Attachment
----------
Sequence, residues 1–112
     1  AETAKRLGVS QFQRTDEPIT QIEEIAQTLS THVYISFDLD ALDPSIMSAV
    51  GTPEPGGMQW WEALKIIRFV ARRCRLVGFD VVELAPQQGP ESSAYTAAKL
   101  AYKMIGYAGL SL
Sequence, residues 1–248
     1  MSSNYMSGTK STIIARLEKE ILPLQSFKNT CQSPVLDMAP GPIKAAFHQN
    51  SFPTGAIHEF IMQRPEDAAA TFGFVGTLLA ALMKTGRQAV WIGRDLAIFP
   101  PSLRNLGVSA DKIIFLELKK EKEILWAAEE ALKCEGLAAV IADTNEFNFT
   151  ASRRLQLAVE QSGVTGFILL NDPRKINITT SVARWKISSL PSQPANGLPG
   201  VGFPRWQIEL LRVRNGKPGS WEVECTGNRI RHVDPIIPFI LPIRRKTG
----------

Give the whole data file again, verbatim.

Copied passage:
Sequence, residues 1–112
     1  AETAKRLGVS QFQRTDEPIT QIEEIAQTLS THVYISFDLD ALDPSIMSAV
    51  GTPEPGGMQW WEALKIIRFV ARRCRLVGFD VVELAPQQGP ESSAYTAAKL
   101  AYKMIGYAGL SL
Sequence, residues 1–248
     1  MSSNYMSGTK STIIARLEKE ILPLQSFKNT CQSPVLDMAP GPIKAAFHQN
    51  SFPTGAIHEF IMQRPEDAAA TFGFVGTLLA ALMKTGRQAV WIGRDLAIFP
   101  PSLRNLGVSA DKIIFLELKK EKEILWAAEE ALKCEGLAAV IADTNEFNFT
   151  ASRRLQLAVE QSGVTGFILL NDPRKINITT SVARWKISSL PSQPANGLPG
   201  VGFPRWQIEL LRVRNGKPGS WEVECTGNRI RHVDPIIPFI LPIRRKTG